Whipworms live in a dog's cecum, which is the beginning of the large intestine. Dogs can get this worm from ingesting contaminated substances such as feces, water, soil, or animal flesh.

It can be hard to tell if your pup has whipworms because dogs don't usually exhibit any symptoms until their condition becomes more advanced. In serious cases, dogs can develop symptoms such as weight loss, inflammation, diarrhea, and sometimes anemia.

Because dogs don't usually show any signs of whipworms in their early stages, it's very important to bring a sample of your dog's stool to the vet regularly for fecal exams.

Hookworms

Hookworms are seen more often in dogs than in cats and they pose a serious threat to the health of our canine companions. They attach to the walls of a dog's intestine and drink large amounts of blood. If these worms are left without treatment they can cause anemia and potentially death. Hookworms can also be passed on to humans.

Dogs can get hookworms from their environment, where the worms can burrow into their skin, or your pup could ingest them through infected soil. Puppies can also get infected by drinking their mother's milk if she has the parasite. Infected animals can pass hundreds of microscopic eggs through their stool, and when they hatch, can survive on soil for several months. However, they are so small they can't be seen.

Your Veterinarian can diagnose hookworms through fecal floatation, where a sample of your dog's stool is combined with a solution that makes the worm eggs float to the top.

Signs & Symptoms of Worms in Dogs

Dogs can show various signs of worms, depending on which kind they have, we've listed the most common ones below:

  • Lethargy
  • Poor Coat Appearance
  • Dehydration
  • Abdominal Pain
  • Weightloss
  • Worms in Stool
  • Diarrhea
  • Bloated Stomach
  • Vomiting

If your dog shows any of the signs detailed above, contact your veterinarian immediately to schedule an examination.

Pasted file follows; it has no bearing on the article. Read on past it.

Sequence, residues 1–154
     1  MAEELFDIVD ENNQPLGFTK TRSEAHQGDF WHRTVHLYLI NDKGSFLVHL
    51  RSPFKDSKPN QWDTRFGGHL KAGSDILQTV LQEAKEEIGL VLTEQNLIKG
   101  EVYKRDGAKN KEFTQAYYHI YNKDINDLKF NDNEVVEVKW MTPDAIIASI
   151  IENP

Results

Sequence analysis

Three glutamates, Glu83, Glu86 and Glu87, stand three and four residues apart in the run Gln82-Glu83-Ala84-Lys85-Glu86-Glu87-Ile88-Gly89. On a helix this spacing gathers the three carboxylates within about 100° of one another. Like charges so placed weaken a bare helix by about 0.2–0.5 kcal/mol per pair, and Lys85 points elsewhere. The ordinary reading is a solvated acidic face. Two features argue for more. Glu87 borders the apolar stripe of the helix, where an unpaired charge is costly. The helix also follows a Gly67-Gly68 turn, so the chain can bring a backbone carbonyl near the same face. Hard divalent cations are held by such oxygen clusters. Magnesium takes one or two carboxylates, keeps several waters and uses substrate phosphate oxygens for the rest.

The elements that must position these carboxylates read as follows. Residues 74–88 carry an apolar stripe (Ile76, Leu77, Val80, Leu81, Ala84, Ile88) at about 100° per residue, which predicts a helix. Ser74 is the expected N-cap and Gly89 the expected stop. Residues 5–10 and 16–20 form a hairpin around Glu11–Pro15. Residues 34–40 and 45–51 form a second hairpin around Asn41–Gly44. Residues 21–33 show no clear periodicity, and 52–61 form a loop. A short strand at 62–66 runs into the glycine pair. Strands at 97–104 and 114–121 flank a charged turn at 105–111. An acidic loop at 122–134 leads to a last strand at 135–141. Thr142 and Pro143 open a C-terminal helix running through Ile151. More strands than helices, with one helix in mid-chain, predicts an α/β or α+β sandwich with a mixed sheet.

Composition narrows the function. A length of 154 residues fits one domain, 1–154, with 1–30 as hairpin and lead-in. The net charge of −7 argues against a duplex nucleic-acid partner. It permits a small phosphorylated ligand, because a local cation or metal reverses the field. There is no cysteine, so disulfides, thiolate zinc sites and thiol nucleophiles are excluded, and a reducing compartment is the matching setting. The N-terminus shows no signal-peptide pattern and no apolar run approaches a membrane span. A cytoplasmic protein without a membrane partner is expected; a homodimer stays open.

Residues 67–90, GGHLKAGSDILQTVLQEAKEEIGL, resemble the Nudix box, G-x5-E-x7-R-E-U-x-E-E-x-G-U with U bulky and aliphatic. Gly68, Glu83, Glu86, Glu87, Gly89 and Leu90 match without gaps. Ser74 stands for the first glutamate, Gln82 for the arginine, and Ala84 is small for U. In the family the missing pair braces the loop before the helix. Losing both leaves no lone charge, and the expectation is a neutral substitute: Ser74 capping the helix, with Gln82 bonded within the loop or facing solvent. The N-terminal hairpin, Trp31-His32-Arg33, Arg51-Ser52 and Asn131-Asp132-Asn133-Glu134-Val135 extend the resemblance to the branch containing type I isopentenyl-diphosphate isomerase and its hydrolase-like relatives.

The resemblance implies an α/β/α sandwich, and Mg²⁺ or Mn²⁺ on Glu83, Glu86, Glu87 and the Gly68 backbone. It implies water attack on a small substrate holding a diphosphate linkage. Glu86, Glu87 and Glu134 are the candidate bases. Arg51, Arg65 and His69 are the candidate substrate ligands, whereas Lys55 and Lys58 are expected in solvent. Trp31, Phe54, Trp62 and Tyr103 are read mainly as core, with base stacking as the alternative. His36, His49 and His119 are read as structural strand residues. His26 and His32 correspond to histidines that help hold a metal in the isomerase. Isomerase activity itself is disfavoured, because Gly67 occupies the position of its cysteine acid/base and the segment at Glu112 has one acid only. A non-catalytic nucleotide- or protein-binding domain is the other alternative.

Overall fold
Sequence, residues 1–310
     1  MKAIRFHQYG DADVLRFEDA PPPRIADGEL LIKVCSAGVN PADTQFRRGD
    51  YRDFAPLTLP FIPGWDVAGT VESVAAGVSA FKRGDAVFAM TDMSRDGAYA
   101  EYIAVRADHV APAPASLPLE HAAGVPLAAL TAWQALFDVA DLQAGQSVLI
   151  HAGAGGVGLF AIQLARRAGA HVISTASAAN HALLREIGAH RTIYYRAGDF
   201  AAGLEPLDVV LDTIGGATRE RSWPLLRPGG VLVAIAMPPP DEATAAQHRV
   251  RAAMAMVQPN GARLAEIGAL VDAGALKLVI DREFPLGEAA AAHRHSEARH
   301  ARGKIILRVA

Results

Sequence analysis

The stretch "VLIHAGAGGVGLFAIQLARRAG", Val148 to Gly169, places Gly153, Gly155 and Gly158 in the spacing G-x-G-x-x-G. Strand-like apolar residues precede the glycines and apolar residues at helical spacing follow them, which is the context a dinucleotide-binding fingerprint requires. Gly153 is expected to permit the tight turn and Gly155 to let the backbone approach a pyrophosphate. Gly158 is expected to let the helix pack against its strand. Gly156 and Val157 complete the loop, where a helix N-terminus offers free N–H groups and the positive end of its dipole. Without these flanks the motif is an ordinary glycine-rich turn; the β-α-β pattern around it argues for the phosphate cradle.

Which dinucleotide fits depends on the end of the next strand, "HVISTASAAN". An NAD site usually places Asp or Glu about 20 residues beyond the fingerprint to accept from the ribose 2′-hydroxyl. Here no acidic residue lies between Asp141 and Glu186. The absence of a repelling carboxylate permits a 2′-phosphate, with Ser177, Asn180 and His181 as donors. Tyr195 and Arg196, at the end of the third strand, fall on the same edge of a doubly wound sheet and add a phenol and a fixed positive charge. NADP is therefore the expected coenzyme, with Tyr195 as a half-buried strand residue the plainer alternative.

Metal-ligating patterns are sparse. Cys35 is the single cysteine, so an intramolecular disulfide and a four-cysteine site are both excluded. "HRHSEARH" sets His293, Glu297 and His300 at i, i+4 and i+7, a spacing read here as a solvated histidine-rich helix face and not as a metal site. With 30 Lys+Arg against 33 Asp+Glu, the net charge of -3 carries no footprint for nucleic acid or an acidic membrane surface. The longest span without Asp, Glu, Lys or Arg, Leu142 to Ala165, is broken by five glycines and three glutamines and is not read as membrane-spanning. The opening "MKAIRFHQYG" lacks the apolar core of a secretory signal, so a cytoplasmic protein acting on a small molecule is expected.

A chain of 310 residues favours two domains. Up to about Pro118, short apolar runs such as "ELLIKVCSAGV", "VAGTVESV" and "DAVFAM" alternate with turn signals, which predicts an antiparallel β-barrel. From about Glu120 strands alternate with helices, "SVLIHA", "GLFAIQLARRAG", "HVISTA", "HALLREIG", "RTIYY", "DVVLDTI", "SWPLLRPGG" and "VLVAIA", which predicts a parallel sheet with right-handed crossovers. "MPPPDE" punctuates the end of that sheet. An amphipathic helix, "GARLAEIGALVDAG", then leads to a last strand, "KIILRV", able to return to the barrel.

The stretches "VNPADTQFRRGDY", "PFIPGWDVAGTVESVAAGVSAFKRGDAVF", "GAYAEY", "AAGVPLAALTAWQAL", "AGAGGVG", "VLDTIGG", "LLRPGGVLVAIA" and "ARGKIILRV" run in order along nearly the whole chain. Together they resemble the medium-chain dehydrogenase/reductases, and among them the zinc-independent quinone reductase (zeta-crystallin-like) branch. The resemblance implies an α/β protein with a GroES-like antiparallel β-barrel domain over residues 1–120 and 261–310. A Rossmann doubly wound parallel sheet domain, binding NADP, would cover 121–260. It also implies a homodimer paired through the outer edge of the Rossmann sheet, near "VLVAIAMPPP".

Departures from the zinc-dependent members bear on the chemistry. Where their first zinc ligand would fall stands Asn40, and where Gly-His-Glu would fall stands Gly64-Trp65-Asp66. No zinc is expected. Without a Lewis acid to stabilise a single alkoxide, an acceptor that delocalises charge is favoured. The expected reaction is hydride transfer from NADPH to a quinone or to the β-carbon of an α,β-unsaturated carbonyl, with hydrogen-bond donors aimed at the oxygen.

Getting Rid of Worms in Dogs

Most of the time, a microscopic examination of your dog's feces has to be conducted in order to diagnose your dog with worms. If your pup is exhibiting any signs of worms your veterinarian will ask you to bring in a sample of your dog's stool to perform a fecal examination. In the event your dog isn't showing any symptoms, it's always best to have a fecal exam conducted by your veterinarian at least once a year because some worms will show no signs in the early stages.

Usually, your veterinarian will be able to prescribe deworming medications to help your dog's symptoms. There are different types of deworming medications available, the kind your vet uses will depend on the type of worms your dog has,

We also recommend providing your dog with prevention products to help protect them from ever getting parasites.

Note: The advice provided in this post is intended for informational purposes and does not constitute medical advice regarding pets. For an accurate diagnosis of your pet's condition, please make an appointment with your vet.

Do you think your dog may have worms? Contact our Gold Canyon vets today and schedule an appointment for your pup.

New Patients Welcome

Companion Pet Clinic of Gold Canyon is accepting new patients! Our experienced vets are passionate about the health of companion animals. Get in touch today to book your pet's first appointment.

(480) 671-1403 Contact Companion Pet Clinic